People, planet, and the path ahead
Steve Perlman surveys the Kalalau cliffs on the island of Kauai, Hawaii, where he pioneered 'extreme botany.'
Courtesy of Kenneth Wood/National Tropical Botanical Garden

Extreme botany: How far should we go to save a plant species?

patterns of thought

Self-described extreme botanist Steve Perlman goes where no man – nor goat – has gone before to find and save the rarest plants in Hawaii.

Steve Perlman doesn't let anything, even hundreds of feet of vertical cliff, get in the way of his efforts to find and save endangered plants in the wild.

If he encounters a steep drop while traipsing through the most rugged vegetation in Hawaii or on other Pacific islands, Mr. Perlman simply pulls out ropes and rappels down to where he wants to go. Once you're out there, he says casually, "you just want to keep going. You don't want to be stopped by a waterfall, you want to see what plants are on those steep cliffs." And at 69, he's still roping into uncharted territory looking for rare plants.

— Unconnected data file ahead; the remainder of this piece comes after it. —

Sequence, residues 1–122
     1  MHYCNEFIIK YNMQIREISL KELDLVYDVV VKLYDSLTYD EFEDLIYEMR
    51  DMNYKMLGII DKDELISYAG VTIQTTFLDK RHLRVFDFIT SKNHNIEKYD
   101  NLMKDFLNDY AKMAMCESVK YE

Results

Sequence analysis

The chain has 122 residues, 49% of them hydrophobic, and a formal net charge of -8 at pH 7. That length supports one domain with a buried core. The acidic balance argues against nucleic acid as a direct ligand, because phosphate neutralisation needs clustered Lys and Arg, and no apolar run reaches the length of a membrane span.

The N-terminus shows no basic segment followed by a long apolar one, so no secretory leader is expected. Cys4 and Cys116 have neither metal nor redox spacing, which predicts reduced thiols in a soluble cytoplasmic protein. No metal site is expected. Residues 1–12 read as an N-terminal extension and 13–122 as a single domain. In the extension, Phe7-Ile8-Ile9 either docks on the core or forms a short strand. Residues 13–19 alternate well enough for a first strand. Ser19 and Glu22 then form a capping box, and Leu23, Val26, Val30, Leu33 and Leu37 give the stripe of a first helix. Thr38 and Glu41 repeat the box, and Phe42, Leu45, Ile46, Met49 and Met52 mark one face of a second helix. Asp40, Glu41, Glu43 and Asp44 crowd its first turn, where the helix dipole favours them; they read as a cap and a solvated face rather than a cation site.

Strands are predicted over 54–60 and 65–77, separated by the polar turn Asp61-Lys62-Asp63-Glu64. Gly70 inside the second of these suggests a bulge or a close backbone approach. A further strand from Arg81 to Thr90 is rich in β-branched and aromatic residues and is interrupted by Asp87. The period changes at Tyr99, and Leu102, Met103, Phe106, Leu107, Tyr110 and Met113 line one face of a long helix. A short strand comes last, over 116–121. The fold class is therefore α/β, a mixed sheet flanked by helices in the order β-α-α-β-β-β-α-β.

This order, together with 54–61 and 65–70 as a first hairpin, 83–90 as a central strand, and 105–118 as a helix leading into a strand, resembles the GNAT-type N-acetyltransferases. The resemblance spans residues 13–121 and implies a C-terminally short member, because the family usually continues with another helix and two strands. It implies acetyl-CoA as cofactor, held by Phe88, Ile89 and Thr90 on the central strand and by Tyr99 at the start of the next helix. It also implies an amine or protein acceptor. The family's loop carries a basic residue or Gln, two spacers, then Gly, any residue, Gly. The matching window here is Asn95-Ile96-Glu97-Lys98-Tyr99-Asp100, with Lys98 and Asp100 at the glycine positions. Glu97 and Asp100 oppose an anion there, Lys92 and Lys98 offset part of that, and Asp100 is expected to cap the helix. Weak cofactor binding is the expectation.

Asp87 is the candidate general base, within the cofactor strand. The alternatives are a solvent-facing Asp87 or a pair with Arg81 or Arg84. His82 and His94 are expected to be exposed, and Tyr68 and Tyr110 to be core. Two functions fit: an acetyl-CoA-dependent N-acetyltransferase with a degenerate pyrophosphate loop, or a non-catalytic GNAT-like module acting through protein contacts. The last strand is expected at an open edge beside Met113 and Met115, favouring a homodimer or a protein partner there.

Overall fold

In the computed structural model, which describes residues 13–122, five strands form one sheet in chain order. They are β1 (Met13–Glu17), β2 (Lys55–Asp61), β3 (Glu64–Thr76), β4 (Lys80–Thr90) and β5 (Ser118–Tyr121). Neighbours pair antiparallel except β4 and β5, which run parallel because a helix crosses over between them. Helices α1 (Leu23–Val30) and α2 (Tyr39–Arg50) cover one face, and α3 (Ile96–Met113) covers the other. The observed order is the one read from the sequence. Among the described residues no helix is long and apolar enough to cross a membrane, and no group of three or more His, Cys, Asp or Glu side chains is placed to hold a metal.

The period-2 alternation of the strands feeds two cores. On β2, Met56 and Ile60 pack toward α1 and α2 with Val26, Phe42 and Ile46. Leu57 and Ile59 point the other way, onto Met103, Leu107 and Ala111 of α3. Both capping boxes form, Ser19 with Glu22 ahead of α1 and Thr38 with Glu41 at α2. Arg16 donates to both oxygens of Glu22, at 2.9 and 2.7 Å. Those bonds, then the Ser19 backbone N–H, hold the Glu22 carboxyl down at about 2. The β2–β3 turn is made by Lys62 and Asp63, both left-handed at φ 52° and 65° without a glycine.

Perlman’s brand of extreme botany, as he calls it, is just one example of heroic conservation efforts going on around the globe. But not everyone agrees on the best way to save the vast amount of the natural world that is under threat. Some say conservationists should use some sort of triage system to prioritize which species or ecosystems get attention, while others suggest that every species is valuable and deserves conservation attention.

For Hugh Possingham, chief scientist of The Nature Conservancy, it’s a matter of saving as many species as possible, with limited resources.

“I suppose the question is not how far should we go to save a single plant species, it is what can we do with the resources we have,” says Dr. Possingham.